Presenter Information

Nicole BuieFollow

Major

Neuroscience

Anticipated Graduation Year

2021

Access Type

Open Access

Abstract

The reward-seeking behavior associated with human psychostimulant drug addiction are driven by dopamine (DA) neurotransmission in the ventral tegmental area (VTA). The ability of psychostimulants to increase mesoaccumbal DA signaling is critical for their ability to promote appetitive behaviors including exploratory behaviors (locomotion) and self-administration. Sensitization results from frequent and repeated drug use and is characterized by persistent neuroadaptations including changes in glutamate receptor signaling at the VTA. These adaptations are important for turning drug use from casual to compulsive and addictive. The VTA receives signaling from many brain regions, it is unlikely they all contribute to this potentiated glutamate signaling during cocaine exposure. The laterodorsal tegmental nucleus (LDTg) provides a source of glutamate input to the VTA that excites DA signaling. In previous studies using VGluT2::Cre transgenic mice, inhibition of LDTg glutamate inputs at the VTA using optogenetics blocks the development of cocaine locomotor sensitization. Here we tested whether inhibition of LDTg glutamate inputs at the VTA blocks the development of neurochemical sensitization of nucleus accumbens (NAc) DA which is known to accompany the development of locomotor sensitization. We show that inhibition of these inputs at the VTA blocks the neurochemical sensitization of NAc DA suggesting that LDTg glutamate inputs at the VTA may be an important target for interventions aimed at preventing the transition from casual to addictive drug use.

Faculty Mentors & Instructors

Stephan Steidl, Associate Professor Department of Psychology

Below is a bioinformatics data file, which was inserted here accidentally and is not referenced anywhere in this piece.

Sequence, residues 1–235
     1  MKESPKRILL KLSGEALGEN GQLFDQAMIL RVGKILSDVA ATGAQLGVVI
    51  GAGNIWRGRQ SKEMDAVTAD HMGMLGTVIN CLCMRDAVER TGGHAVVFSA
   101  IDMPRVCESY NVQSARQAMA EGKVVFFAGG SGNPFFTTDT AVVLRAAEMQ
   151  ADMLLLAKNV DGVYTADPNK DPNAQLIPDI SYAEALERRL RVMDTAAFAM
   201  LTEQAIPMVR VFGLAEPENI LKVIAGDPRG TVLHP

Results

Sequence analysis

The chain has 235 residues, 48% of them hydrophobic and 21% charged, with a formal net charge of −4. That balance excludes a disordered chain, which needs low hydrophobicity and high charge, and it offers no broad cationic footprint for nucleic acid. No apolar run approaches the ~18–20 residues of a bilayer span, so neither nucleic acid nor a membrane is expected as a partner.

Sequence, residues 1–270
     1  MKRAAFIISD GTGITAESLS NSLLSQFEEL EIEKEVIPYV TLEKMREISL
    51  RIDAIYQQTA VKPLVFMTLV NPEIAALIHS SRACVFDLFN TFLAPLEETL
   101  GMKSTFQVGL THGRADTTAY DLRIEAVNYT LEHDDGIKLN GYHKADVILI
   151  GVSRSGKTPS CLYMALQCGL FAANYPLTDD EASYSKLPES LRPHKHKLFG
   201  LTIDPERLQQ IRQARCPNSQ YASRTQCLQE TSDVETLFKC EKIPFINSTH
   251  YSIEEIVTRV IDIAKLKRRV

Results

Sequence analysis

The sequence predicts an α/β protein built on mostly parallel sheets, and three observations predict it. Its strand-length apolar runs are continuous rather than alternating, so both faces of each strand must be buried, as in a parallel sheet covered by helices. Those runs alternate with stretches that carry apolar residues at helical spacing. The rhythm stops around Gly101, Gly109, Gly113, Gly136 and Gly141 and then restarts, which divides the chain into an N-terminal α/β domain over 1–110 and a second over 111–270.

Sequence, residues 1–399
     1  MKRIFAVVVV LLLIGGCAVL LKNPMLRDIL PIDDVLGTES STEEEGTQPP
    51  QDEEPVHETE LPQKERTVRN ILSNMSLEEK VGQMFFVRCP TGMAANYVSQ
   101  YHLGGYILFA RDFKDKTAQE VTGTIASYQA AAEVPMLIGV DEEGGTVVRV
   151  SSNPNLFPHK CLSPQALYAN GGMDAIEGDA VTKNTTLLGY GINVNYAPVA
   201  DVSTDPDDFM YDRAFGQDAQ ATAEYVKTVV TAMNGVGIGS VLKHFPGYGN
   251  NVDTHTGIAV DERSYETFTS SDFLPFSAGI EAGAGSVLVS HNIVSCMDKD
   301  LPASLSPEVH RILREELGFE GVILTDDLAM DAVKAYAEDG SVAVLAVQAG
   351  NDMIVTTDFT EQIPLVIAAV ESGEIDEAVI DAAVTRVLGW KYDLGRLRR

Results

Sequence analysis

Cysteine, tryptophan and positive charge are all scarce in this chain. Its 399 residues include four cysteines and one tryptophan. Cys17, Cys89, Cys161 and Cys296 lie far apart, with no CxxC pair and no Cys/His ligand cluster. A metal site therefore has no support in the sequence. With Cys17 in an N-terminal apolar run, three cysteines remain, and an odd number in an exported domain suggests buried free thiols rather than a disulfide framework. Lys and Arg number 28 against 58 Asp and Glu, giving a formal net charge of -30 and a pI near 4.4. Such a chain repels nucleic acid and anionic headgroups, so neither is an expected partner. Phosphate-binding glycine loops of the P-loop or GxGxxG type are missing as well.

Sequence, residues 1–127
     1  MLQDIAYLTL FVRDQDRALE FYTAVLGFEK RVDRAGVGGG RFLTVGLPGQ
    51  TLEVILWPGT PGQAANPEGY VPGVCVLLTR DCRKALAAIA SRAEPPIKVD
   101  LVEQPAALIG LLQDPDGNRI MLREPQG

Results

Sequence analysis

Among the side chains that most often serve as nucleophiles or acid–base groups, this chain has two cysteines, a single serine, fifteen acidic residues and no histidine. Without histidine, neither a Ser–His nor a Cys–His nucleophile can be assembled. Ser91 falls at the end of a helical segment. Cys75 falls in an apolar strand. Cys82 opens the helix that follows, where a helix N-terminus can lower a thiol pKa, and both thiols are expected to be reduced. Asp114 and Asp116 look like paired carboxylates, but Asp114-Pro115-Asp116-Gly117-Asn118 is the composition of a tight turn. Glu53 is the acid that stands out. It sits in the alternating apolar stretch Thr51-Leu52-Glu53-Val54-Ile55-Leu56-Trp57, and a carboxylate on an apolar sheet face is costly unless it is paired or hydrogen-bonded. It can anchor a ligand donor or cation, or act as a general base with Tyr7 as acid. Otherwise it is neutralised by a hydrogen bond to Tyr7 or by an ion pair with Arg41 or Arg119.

Creative Commons License

Creative Commons License
This work is licensed under a Creative Commons Attribution-Noncommercial-No Derivative Works 3.0 License.

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Inhibition of laterodorsal tegmental nucleus glutamate inputs to the ventral tegmental area blocks neurochemical sensitization in mice

The reward-seeking behavior associated with human psychostimulant drug addiction are driven by dopamine (DA) neurotransmission in the ventral tegmental area (VTA). The ability of psychostimulants to increase mesoaccumbal DA signaling is critical for their ability to promote appetitive behaviors including exploratory behaviors (locomotion) and self-administration. Sensitization results from frequent and repeated drug use and is characterized by persistent neuroadaptations including changes in glutamate receptor signaling at the VTA. These adaptations are important for turning drug use from casual to compulsive and addictive. The VTA receives signaling from many brain regions, it is unlikely they all contribute to this potentiated glutamate signaling during cocaine exposure. The laterodorsal tegmental nucleus (LDTg) provides a source of glutamate input to the VTA that excites DA signaling. In previous studies using VGluT2::Cre transgenic mice, inhibition of LDTg glutamate inputs at the VTA using optogenetics blocks the development of cocaine locomotor sensitization. Here we tested whether inhibition of LDTg glutamate inputs at the VTA blocks the development of neurochemical sensitization of nucleus accumbens (NAc) DA which is known to accompany the development of locomotor sensitization. We show that inhibition of these inputs at the VTA blocks the neurochemical sensitization of NAc DA suggesting that LDTg glutamate inputs at the VTA may be an important target for interventions aimed at preventing the transition from casual to addictive drug use.